Powering the UK 2013

Creating jobs and empowering the UK

  • Share

A stable employer supporting 1 in 45 jobs across the UK

  • Direct employment within the energy sector grew from 90,000 to 125,000 between 2008 and 2012, providing an employment boost during an extended recession. In 2012 it supported an estimated additional 539,000 jobs through supply chain activities, and a total of around 1 in 45, or 664,000, UK jobs.
  • The sector is supporting regional employment growth far more than others. 86% of energy job growth between 2008 and 2013 has been outside London, Southern, and Eastern England, compared with 53% for other sectors.
  • Energy has stepped up its recruitment and investment in the next generation of trainees and apprentices joining the industry, but also to deliver the emerging range of new technologies such as smart meters to consumers. Between 2010 and 2011 annual apprentice recruitment increased from 970 to 1,430.6

A stable employer supporting 1 in 45 jobs in the UK

Direct impact

The energy sector is a major employer in the UK. In 2012, against a backdrop of recession and a prolonged delay in economic recovery, it employed an estimated 125,000 people directly, up from 90,000 in 2008.


Chart 3: Employment in the energy sector in 2012

EY - Employment in the energy sector in 2012

Source: ONS Data, EY Analysis


Indirect impact

The sector’s indirect economic impact also supports an estimated 539,000 additional jobs in those parts of the market that supply and support it. Together with jobs created directly, it therefore supports a total of 664,000 jobs – equivalent to 1 in 45 in the UK.7

These indirect jobs are created across a range of sectors, with a proportion concentrated in a number of key sectors, including employment services, construction, retail and employment related services.

Supporting the regions hardest hit by the recession

Unlike other sectors, like financial services, which are concentrated in London and the South East, energy is spread out across the country. Between 2008 and 2013, direct energy sector employment grew by around 30% (as shown in the chart below). 86% of this growth has been outside London, Southern, and Eastern England.

In the same period across other sectors, job growth has been higher in London, Southern, and Eastern England (290,000 jobs) than other regions (e.g., Northern England (4,000) and the Midlands (12,000 jobs))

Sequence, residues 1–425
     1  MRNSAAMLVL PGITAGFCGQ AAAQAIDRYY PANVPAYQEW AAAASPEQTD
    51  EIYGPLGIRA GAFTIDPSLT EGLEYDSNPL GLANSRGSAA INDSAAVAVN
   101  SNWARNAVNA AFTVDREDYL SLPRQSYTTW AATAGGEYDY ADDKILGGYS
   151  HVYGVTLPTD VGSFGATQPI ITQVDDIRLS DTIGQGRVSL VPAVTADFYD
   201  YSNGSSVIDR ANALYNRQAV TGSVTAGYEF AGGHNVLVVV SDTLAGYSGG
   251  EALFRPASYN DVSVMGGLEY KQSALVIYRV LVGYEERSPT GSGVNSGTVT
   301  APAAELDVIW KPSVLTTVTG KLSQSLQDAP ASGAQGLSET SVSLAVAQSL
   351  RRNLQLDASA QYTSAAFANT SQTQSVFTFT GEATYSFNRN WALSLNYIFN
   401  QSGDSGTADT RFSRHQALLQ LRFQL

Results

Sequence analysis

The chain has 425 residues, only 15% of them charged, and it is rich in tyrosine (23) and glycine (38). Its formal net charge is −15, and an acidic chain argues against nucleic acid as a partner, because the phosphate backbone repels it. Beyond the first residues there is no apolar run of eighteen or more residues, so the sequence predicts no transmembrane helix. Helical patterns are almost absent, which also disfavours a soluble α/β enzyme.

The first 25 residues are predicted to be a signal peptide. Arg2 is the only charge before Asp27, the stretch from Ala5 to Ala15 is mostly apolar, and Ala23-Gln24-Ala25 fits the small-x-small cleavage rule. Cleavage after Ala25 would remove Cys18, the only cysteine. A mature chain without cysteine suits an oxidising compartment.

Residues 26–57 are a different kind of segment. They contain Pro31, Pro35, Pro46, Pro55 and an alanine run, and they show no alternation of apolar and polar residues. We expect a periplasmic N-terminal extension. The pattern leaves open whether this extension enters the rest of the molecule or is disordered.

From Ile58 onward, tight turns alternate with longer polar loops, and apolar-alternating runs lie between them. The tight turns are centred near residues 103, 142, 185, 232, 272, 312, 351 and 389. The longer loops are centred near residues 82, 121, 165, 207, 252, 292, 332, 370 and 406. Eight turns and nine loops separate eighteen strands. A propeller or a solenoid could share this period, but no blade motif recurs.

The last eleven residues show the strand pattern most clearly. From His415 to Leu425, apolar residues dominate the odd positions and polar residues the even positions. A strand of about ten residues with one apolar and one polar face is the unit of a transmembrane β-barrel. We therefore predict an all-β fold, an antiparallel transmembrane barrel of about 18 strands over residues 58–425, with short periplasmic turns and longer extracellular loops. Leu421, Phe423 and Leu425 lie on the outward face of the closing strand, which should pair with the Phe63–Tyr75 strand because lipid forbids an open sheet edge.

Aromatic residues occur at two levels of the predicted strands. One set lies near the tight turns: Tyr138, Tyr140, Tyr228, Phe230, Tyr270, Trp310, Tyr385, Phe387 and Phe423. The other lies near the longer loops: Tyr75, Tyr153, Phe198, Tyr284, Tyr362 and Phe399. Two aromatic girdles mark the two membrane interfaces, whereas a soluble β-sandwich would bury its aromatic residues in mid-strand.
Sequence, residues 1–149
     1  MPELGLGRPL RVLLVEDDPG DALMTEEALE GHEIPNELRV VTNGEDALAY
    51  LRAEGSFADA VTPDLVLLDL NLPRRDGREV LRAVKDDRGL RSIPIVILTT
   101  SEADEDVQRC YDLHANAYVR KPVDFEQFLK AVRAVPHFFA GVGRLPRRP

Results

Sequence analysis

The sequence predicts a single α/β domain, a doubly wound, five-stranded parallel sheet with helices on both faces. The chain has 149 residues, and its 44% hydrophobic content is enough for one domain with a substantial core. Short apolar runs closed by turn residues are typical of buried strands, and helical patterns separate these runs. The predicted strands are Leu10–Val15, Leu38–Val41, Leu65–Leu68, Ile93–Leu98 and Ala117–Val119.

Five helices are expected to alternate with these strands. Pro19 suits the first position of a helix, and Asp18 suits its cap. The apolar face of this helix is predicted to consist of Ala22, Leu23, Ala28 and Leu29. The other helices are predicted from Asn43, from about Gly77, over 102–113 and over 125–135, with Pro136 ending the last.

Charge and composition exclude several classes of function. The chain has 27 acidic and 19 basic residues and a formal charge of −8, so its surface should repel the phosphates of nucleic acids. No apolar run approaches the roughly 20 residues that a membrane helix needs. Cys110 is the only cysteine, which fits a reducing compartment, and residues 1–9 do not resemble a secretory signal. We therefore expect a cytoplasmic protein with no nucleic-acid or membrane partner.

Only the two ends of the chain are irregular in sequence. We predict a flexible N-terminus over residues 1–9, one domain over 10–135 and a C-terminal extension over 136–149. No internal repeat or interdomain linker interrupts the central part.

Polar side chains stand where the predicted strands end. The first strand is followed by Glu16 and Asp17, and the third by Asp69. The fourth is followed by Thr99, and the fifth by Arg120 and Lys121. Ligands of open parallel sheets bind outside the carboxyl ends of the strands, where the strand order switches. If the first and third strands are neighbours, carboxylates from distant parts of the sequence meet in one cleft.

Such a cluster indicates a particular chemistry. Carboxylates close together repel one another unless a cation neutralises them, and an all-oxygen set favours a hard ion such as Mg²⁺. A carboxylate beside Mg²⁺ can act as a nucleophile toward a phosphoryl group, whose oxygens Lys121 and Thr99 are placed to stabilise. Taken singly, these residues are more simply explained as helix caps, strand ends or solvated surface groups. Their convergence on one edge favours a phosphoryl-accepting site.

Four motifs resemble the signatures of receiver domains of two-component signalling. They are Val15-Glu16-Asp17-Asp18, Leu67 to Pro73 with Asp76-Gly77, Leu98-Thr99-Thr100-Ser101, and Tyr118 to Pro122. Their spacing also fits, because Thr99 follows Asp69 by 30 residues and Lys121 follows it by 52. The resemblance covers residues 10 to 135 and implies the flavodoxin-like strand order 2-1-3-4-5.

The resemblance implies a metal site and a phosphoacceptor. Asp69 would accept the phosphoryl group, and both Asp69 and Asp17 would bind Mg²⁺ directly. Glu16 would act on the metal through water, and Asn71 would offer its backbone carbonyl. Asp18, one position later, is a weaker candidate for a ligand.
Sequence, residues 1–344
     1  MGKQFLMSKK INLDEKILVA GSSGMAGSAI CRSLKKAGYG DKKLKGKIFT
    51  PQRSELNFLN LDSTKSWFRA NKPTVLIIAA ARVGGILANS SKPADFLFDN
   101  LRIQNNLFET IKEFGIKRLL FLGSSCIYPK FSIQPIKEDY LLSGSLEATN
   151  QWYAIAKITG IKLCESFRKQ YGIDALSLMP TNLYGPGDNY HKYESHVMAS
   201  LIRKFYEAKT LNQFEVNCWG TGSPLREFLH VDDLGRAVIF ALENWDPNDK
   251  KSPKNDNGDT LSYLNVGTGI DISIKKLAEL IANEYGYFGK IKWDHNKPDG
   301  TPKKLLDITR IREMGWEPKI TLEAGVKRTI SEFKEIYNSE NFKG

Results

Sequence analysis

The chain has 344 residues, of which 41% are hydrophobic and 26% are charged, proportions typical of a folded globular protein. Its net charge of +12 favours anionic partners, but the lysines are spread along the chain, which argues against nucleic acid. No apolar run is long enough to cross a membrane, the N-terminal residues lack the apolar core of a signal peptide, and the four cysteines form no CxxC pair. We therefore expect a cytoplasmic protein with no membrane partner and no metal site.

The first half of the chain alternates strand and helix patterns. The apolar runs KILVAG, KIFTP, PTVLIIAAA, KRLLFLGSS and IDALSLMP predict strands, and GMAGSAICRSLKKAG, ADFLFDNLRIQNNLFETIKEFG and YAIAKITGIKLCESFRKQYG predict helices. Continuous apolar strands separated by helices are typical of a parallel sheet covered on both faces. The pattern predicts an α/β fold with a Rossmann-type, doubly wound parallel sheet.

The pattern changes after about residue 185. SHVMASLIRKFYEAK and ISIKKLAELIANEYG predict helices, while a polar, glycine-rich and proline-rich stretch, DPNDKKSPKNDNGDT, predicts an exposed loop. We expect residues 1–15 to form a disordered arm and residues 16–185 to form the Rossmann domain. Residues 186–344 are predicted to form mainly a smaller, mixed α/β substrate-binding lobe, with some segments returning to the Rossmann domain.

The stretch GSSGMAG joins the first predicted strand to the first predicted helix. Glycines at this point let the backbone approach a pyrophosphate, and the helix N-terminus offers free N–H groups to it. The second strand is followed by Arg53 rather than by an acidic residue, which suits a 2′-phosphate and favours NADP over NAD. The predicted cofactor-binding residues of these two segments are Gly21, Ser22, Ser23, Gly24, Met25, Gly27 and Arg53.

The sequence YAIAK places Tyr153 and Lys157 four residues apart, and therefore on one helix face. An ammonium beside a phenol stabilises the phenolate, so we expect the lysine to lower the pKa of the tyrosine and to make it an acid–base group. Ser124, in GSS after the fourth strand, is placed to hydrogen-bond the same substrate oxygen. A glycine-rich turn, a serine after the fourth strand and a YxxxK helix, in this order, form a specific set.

Chart 4: Energy Sector Net Job Growth, 2008–13

EY - Energy Sector Net Job Growth, 2008–13

Source: ONS data Totals may not sum due to rounding ONS recorded no change in jobs in Northern Ireland (to the nearest thousand)

Chart 5: Non-Energy Sector Net Job Growth 2008–13

EY - Non-Energy Sector Net Job Growth 2008–13

Source: ONS data Totals may not sum due to rounding


An investor in skills, training and a new generation of employees

The energy sector recruited heavily in the 1970s and 1980s as it built new nuclear and coal-fired power stations and delivered the shift to North Sea gas. A large number of staff are therefore expected to retire over the next 10 years and will need to be replaced.

The sector has traditionally been a secure employer, reflecting the ever-present need for its assets and services. As a result, many thousands of key skilled employees have committed their entire careers to the industry, and significant numbers of experienced staff in senior or vital roles will be retiring in the coming decade, creating a need for growing numbers of young engineers and skilled workers.

Electricity Distribution Network Operators (DNOs)8 illustrate many of the sector’s key challenges and opportunities. DNOs and their contractors employ 14,100 and 6,200 respectively, or a total of 20,500, in technical, engineering and specialist roles.

However, more than half of employees are over 40 (up to 26% of the DNO workforce), and 13% of contractors are 53 or older. In addition, 47%, or 9,700, are expected to retire in the next decade.